THE UK Government's Minister for Scotland has highlighted the "critical" nature of good roads following a visit to North Ayrshire.

The Conservative MP for Berwichshire, Roxburgh and Selkirk made the comments during a visit to the west coast of Scotland as he engaged with businesses, community groups and North Ayrshire Council about the opportunities and challenges they face.

As part of his visit, Mr Lamont also took a look at the B714 upgrade plans.

The road links the trunk road network from the A78 Sharphill Roundabout - Three Towns Bypass - to the A737 at the south end of Dalry, and it is a vital link for road users travelling between the Three Towns and the Garnock Valley and to the west coast, and ferry links to Arran and Cumbrae.

There are many narrow sections with tight bends, with some localised widening on the road, meaning the current geometry poses a challenge for all road users.

It is hoped that by upgrading the route, it will significantly improve connectivity between the region and Glasgow, the central belt, wider motorway network.

The project, which will substantially increase the potential for tourism and economic development, is being part funded through £23,693,443 awarded to North Ayrshire Council from the UK Government’s Levelling Up Fund - hence Mr Lamont's visit last week.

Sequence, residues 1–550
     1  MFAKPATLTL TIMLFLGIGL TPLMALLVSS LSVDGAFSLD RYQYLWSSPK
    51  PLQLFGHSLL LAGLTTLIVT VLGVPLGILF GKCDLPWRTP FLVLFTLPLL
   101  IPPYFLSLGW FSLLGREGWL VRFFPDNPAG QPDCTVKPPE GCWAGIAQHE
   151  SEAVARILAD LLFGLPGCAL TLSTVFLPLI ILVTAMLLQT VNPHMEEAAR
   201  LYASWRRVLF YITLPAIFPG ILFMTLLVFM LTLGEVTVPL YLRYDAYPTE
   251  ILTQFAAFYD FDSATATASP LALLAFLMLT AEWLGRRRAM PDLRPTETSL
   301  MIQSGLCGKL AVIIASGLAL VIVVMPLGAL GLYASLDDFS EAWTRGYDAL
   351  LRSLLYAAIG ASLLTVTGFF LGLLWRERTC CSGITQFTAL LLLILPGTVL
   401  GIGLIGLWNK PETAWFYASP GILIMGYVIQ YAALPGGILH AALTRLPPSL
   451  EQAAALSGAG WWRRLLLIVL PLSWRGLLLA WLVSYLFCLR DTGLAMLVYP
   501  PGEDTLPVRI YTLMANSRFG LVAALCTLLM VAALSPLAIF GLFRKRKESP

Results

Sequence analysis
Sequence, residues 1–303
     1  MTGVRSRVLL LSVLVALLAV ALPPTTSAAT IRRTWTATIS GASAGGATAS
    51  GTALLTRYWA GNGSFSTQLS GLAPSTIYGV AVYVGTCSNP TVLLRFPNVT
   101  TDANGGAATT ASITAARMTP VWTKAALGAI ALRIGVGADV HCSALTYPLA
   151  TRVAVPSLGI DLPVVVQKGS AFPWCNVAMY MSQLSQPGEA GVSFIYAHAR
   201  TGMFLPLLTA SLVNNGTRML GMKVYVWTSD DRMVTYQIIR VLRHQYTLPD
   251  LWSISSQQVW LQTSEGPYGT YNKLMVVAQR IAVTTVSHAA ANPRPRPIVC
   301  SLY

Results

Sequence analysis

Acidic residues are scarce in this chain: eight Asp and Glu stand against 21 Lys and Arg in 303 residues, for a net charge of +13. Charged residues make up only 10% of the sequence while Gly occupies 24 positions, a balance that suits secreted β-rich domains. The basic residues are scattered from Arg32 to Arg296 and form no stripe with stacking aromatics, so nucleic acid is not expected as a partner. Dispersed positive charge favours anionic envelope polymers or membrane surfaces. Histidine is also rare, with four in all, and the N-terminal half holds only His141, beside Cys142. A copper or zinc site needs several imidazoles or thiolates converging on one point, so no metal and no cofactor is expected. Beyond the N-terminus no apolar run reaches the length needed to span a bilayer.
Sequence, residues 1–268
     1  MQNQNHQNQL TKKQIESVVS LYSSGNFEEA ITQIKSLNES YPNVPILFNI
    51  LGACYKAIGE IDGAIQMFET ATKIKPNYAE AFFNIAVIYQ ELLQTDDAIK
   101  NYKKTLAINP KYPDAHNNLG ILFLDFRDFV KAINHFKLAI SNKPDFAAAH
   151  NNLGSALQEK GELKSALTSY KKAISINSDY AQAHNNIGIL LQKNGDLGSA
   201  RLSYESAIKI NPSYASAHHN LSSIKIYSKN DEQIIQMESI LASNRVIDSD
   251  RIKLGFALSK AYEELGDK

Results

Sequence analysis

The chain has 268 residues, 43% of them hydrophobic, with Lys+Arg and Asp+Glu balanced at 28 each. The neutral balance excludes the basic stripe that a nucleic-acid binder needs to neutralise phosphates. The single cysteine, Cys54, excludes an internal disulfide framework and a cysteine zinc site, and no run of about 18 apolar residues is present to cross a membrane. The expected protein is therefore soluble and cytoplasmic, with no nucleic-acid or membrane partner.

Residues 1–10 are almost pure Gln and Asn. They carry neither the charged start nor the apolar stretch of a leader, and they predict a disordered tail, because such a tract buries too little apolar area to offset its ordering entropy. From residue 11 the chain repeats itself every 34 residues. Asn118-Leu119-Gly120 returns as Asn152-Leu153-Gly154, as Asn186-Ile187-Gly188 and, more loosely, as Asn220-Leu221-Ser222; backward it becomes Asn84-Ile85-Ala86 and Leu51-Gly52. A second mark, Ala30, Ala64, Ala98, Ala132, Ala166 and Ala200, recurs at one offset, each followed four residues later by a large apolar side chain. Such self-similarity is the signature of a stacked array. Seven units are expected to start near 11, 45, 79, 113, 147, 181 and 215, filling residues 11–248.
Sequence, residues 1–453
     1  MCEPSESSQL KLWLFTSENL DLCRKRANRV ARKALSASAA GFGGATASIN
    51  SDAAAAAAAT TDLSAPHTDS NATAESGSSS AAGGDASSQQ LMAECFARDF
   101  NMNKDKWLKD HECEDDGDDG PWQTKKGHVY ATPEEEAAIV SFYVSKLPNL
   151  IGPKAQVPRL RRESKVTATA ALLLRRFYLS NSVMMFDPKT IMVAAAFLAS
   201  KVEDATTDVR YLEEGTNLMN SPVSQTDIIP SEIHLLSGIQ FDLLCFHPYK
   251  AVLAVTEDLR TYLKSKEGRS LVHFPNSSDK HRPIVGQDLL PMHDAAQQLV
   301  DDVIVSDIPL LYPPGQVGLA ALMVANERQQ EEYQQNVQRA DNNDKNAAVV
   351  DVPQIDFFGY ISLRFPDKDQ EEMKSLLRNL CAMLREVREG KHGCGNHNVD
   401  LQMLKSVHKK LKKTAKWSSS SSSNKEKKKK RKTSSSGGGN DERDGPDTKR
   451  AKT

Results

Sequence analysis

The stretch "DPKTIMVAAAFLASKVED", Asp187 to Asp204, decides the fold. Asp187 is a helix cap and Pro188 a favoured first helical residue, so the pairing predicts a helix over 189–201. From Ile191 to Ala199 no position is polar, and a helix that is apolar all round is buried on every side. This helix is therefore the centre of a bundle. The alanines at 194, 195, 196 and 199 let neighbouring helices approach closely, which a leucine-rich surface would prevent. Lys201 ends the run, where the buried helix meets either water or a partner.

Though even before visiting, having previously lived nearby, the Minister said he was well aware of the need to upgrade the road.

He told the Herald: “Physical connectivity remains very important. Yes, more people are working from home but transport links and good roads are still absolutely critical.

“I know that road very well being brought up just outside Kilwinning and going to Kilwinning Academy, it’s a road that’s challenging for a whole range of reasons.

“It’s widely used in terms of it’s a commuter route, it’s surrounded by farms which obviously use the road for cattle crossing, farm machinery – that adds pressure to it.

“There’s also a safety aspect to it as well.

“It’s good news that under round one of UK Government levelling up the government was able to find the funds to make those improvements.

“It makes the road safer, it makes the road easier for people to use and it recognises the different pressures that are on it. We need to see that road improved.”

While he added that the importance of this work is only heightened by the improvements already made in the area.

Mr Lamont added: “The other challenge is now that the Dalry bypass is up and running, I think there is an extra flow of traffic coming down the valley and coming over to Ardrossan and Saltcoats and up the north coast that way as opposed to other routes.

“It’s a critical route and I’m very pleased that the UK Government is helping to fund its improvement.”

The B714 upgrade plans, which includes the creation of a potential new link between the road and the A737, will see the road width of increased to 9.3m along the full length of the route and will comprise of two 3.65m lanes with a 1m strip at either side.

There is also plans to inclusion a 3m wide active travel route, will allow cyclists and pedestrians to travel actively between Dalry and Saltcoats.

The B714 upgrade project aims to reduce the volume of traffic travelling through Kilwinning on the A737/A738 Trunk Road, which currently passes four schools.

This should also realise a reduction in pollution, congestion and the potential for accidents.